Spurrier Should Keep Vols Busy

FAYETTEVILLE -- While LSU has this week off before its big Nov. 4 road game against Tennessee, the Volunteers must deal with South Carolina and old nemesis Steve Spurrier on Saturday at Columbia, S.C.

And the ol' ball coach, who dominated Tennessee during his 12-year stint in Florida, couldn't resist applying the needle on Wednesday.

"Tennessee is a lot stronger than they were last year," said Spurrier, whose Gamecocks beat UT in 2005. "I think last year at this time they were 3-4 or something. I don't think they're going to beat themselves this year. They didn't play very well last year."

Spurrier added that the Gamecocks "are very healthy, for the first time this year."

South Carolina's hopes offensively rest in large part with quarterback Syvelle Newton.

"We just let him run around and do some things on his own," Spurrier said. "Which is probably what we should do."

The Gamecocks are coming off a 31-13 win at Vanderbilt.

"Our offensive line played all right against Vanderbilt," Spurrier said. "Our protection is not as good as it will be someday. But Syvelle is a very good passer who can run out of the pocket and make things happen."


Speaking of quarterbacks who can run, Florida coach Urban Meyer is bullish on his freshman, Tim Tebow.

Asked to talk about Tebow's abilities, Meyer said Wednesday, "That's about a two-hour (answer). Tim has great work ethic, drive and determination and he's one of the toughest players I've ever been around. He's probably our best runner at this time. He's always falling forward, like great running backs do, and he has great ball security."

Florida plays Georgia at 2:30 p.m. Saturday at Jacksonville, Fla., on CBS.

Meyer listed Georgia, Auburn, Tennessee, LSU and his own team among those with very strong, athletic defenses in the SEC.

"I think about three or four teams in the SEC fall in that category," Meyer said. "It seems to me that you have better players in the South, and coaches put a lot of their best players on defense."

LSU coach Les Miles, expanding on that theme, said, "Contact has always been an intimidating force in this game. The team that continues to hit sustains a competitive edge. Players are more conscientious about their training now, and it amazes me how strong their contact is. With more space on the field in the spread offenses, the defender can take a long run at the guy with the ball."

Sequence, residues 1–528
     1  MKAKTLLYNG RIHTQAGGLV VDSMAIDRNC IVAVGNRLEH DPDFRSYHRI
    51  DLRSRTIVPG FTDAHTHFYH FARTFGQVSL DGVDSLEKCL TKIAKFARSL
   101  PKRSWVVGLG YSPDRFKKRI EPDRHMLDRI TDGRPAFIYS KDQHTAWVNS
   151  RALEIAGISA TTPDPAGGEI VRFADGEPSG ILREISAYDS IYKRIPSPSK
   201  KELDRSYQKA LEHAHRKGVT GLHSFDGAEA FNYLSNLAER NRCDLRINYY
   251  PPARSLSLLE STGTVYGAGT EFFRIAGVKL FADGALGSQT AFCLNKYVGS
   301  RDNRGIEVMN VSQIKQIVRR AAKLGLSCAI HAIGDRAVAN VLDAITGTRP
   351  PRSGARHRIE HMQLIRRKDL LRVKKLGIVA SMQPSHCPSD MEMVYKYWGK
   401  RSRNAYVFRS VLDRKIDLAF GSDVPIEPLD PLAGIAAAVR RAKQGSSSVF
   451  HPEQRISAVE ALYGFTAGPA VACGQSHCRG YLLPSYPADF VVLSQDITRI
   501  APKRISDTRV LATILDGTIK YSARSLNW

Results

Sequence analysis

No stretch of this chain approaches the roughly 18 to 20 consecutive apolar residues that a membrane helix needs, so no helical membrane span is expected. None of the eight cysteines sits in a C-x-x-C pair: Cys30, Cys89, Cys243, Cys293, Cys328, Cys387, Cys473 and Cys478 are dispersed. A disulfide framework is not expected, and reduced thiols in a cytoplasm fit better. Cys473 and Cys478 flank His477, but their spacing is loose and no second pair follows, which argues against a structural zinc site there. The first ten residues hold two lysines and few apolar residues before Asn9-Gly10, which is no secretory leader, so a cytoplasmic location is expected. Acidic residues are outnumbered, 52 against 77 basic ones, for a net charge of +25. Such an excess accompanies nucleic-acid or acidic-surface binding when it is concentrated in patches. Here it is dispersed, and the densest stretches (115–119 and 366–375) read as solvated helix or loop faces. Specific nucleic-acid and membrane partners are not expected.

Like Spurrier, Auburn coach Tom Tuberville pronounced his team healthy this week.

The Tigers play host to Ole Miss on television at 11:30 a.m. Saturday.

"We're excited about getting back into SEC play," said Tuberville. "We're healthier than we've been in weeks. We've got four starters back. (Running backs) Kenny Irons and Brad Lester are 100 percent. Joe Cope, our center who got hurt against South Carolina (on Sept. 30) is back and working with the second team. It's good to have our guys back for this four-game (closing) stretch."

After Ole Miss, Auburn (7-1) plays Arkansas State at home, Georgia at home and Alabama at Tuscaloosa.


Arkansas coach Houston Nutt was asked to compare this season with 1998, his first as UA coach, when the Hogs started 8-0.

"That first year was a dream come true," he recalled. "Everyone picked us last. You got here and they had only had 35,000 people for the last (home) game. It's a different deal this year. This year our fans have pretty much been there and done that. But this year is still very exciting. Our team is very similar (to 1998) with the unselfishness, bond and great senior leadership."


Miles was asked about LSU quarterback JaMarcus Russell, whose uncle is in need of a heart transplant.

"JaMarcus has been obvious about that situation for some time now," Miles said. "He's very conscientious. The guy's heart is to do anything he can to help his family. I have a heart-to-life wrist bracelet that promotes his uncle's need.


After sorting through Joe Tereshinski, Joe Cox and Matthew Stafford at quarterback this season, Georgia coach Mark Richt has settled on true freshman Stafford, for now.

"It all started when Joe T. got hurt on the first series against South Carolina," Richt said. "Our freshmen struggled with the starting role. But Matthew is to the point where he's growing into that role. Our intention is to go with Stafford and grow with him."


Spurrier was asked if Rex Grossman's current success as the undefeated Chicago Bears quarterback could now make him the most notable ex-Florida quarterback turned NFL player.

"He certainly has a chance," Spurrier said. "But who's next? Shane Matthews played about 14 years and had an excellent career, but only played about five years. Rex is a very good passer with a great team, although his Arizona game reminded me of a couple of games (when) I had to take him out and put Jesse Palmer in."

Quarterback Danny Wuerffel won the Heisman Trophy at Florida, but had a limited pro career.

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